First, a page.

MinimalClock is a great, minimalistic screen saver, that shows a black screen, and a digital clock on it, in a nice font, with big characters.

It does not distract, it shows you the time when you need to quickly look it up, and it is beautiful.

It has an option for 24/12 hour time scheme, so you can choose whichever you prefer. If the screensaver does not show up properly when you first install it (it didn’t work for me in the first try):

  1. Install the font manually by downloading it from here, and double-clicking on the files extracted from the package, and then clicking ‘Install Font’.
  2. Install the MinimalClock package again.

Download MinimalClock

Find Mac OS X Software Internet Connections With Programs With Private Eye

An important everyday utility that I use on my Mac OS X desktop is the network MenuMeters meter, and here is what it looks like (circled in red):

This is a simple network monitor, that just shows me upload and download bandwidth in use currently. If I see that a lot of download bandwidth is being used, then I usually come to the conclusion that I have BitTorrent downloads going on in the background, or probably a video is playing on YouTube. Similarly, if I see a lot of upstream bandwidth in use, I think that my sister in the other room is streaming a TV show or movie from my laptop on her HDTV.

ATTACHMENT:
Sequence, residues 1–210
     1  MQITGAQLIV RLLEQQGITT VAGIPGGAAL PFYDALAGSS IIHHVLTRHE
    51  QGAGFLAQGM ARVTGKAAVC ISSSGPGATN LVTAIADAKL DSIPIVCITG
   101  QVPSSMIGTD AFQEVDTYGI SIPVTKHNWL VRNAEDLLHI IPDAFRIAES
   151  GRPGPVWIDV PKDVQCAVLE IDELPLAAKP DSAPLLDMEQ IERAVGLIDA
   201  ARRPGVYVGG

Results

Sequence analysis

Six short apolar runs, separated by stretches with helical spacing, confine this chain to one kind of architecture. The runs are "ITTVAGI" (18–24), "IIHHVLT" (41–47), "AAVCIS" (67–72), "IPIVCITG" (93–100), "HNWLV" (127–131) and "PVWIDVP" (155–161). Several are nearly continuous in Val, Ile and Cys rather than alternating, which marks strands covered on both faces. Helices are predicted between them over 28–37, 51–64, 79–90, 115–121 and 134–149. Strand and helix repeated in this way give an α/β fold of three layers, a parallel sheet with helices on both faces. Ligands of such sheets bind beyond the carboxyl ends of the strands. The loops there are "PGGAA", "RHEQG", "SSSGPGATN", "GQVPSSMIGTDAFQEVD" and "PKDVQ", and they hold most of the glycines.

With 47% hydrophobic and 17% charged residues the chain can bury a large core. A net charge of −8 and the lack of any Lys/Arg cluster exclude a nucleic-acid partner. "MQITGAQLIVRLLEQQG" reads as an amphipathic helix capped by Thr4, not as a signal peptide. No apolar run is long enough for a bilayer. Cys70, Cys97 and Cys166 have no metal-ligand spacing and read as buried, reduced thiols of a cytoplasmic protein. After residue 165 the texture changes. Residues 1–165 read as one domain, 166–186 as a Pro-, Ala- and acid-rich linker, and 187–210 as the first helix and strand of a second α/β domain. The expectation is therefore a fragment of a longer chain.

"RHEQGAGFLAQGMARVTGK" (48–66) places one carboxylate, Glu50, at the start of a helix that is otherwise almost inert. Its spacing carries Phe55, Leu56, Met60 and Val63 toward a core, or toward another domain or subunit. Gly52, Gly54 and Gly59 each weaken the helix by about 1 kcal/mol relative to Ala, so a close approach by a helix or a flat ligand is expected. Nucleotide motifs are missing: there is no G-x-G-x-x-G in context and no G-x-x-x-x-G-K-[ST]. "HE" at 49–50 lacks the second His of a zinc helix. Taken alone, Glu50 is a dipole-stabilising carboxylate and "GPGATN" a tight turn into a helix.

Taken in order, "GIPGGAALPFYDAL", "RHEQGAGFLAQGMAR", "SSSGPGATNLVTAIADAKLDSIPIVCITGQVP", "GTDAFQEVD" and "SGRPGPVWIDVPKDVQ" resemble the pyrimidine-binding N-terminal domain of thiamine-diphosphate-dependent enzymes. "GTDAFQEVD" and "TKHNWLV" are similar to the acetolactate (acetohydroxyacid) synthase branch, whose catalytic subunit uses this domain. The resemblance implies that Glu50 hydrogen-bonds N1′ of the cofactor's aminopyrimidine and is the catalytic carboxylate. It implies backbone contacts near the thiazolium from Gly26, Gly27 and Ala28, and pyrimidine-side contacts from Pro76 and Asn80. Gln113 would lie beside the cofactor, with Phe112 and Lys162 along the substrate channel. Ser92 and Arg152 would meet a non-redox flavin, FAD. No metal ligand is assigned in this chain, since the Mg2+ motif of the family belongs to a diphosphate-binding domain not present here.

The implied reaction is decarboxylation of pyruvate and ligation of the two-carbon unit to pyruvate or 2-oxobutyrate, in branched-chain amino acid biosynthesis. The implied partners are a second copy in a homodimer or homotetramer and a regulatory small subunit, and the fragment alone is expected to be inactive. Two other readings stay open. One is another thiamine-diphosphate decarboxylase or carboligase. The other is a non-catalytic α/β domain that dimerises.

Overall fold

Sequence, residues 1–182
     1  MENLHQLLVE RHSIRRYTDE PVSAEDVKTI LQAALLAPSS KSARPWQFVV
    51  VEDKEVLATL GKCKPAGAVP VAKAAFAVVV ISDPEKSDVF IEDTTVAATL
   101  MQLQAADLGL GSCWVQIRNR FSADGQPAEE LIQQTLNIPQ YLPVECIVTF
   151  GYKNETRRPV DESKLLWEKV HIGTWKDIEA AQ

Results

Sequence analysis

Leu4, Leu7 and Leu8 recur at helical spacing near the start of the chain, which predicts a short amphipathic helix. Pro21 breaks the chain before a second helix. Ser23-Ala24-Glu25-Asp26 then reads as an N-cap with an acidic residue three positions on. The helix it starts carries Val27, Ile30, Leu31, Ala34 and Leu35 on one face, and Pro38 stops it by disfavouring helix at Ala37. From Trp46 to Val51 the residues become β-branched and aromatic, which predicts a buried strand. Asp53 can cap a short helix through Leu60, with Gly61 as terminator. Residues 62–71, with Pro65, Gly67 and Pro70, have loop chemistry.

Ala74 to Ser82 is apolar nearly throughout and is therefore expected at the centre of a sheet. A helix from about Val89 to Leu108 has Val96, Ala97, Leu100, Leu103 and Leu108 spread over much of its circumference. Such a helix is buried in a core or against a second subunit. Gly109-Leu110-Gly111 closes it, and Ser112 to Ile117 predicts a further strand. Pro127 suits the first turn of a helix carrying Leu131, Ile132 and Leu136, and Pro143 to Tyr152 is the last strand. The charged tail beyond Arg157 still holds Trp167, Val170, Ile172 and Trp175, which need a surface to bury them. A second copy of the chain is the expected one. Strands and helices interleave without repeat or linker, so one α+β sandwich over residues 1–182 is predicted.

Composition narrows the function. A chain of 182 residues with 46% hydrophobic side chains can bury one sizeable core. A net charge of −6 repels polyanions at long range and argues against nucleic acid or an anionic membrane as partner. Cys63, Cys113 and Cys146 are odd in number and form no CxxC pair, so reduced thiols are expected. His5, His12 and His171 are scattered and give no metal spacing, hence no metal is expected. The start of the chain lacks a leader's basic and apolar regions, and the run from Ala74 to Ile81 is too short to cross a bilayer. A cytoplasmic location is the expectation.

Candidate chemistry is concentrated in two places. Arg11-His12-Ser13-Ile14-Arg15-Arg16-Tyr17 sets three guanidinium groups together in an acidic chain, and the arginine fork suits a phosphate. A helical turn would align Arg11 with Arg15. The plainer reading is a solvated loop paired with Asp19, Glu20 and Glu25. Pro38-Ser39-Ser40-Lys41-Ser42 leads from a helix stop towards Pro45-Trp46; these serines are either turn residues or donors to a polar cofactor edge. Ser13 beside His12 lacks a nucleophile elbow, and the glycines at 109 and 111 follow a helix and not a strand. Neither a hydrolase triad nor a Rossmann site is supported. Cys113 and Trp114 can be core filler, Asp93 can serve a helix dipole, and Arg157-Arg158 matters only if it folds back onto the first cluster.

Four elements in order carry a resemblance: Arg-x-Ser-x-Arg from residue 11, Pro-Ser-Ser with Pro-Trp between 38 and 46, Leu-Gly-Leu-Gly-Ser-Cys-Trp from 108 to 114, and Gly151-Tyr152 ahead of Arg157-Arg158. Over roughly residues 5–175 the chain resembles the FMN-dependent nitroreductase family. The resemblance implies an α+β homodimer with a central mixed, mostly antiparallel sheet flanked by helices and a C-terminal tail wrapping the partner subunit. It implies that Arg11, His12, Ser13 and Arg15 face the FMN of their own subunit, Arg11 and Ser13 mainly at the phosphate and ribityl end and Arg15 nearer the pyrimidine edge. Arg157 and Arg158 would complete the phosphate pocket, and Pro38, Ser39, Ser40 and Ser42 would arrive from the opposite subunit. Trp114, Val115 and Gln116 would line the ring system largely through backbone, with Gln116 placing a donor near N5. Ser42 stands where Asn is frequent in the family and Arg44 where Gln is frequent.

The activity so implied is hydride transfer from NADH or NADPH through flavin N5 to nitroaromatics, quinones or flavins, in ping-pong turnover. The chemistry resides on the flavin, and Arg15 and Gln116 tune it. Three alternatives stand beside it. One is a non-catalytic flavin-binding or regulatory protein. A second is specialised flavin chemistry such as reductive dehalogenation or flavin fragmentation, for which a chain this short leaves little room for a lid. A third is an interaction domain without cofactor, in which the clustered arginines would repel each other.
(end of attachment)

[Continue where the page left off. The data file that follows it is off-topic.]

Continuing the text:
While I’m quite accurate at guessing the usual suspects, I’ve been in situations where my connection is exceptionally slow, or feels choked by another application, and I simply cannot find out the app in question. MenuMeters, or for that matter, any other monitor I’ve come across for Mac OS X does not tell me which application is using my network bandwidth. This is where Private Eye comes in.

An early warning: Private Eye comes as an install package (.pkg), and requires a root user’s password to complete installation. Usually, I stay away from such apps, especially ones from untrusted sources, since .pkg installers mess around with crucial system files, and have many times been the reason for complete mayhem on my Mac. Private Eye seems to be trustworthy (looking at the developers website), and is a pretty small app (~500KB), so it doesn’t take up much of your system’s resources.

Private Eye does one and only one thing: since the moment you launch it, it monitors all outgoing and incoming network connections on your system, and reports them to you in a list UI. Why is it great?

  • Simple, uncluttered UI – I cannot stress how important that is for an app, and lately a lot of Mac OS X apps have started focusing on functionality over design. If your user has trouble finding what he wants (in fact it should be obvious from the interface), then your app has failed. Private Eye strikes the right note with a very basic interface.
  • Real time reports – When an app makes a network connection, you see it instantly on your screen. There’s no delay and you don’t have to use a separate recording mode.
  • Easy filters – Since the number of total connections happening on your system can potentially be large, you can easily filter your view to just contain incoming or outgoing connections, or you can look at the connections from a single app.

Download Private Eye